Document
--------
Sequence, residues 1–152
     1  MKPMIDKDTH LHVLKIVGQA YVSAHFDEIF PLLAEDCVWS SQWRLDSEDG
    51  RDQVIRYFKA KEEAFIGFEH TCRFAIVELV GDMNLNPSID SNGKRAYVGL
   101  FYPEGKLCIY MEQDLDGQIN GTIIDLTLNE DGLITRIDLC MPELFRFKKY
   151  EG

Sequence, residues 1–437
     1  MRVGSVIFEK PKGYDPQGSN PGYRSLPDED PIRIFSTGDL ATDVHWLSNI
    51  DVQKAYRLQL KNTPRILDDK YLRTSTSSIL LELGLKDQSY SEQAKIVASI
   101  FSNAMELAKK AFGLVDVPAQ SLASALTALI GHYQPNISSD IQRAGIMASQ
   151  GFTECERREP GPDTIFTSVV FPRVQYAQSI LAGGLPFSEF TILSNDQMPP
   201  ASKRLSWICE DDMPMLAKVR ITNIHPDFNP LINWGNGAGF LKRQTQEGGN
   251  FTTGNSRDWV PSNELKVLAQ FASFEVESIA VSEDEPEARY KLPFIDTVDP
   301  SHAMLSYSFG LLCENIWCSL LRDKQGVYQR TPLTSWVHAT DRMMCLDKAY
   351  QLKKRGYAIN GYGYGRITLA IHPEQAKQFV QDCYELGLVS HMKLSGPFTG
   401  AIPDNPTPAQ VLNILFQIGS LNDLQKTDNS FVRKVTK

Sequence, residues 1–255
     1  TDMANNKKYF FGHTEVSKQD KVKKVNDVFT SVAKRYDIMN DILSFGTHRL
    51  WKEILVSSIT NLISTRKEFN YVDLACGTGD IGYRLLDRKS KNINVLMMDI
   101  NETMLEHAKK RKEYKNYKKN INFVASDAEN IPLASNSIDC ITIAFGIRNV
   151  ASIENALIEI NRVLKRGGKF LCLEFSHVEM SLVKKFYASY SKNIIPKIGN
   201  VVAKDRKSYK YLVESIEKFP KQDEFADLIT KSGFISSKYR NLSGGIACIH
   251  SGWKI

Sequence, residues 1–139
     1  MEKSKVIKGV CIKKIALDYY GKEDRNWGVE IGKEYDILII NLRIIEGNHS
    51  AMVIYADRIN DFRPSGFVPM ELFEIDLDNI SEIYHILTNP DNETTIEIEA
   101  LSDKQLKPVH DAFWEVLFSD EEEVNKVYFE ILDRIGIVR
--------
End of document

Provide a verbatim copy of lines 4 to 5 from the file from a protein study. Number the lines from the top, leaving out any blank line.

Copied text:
   101  FYPEGKLCIY MEQDLDGQIN GTIIDLTLNE DGLITRIDLC MPELFRFKKY
   151  EG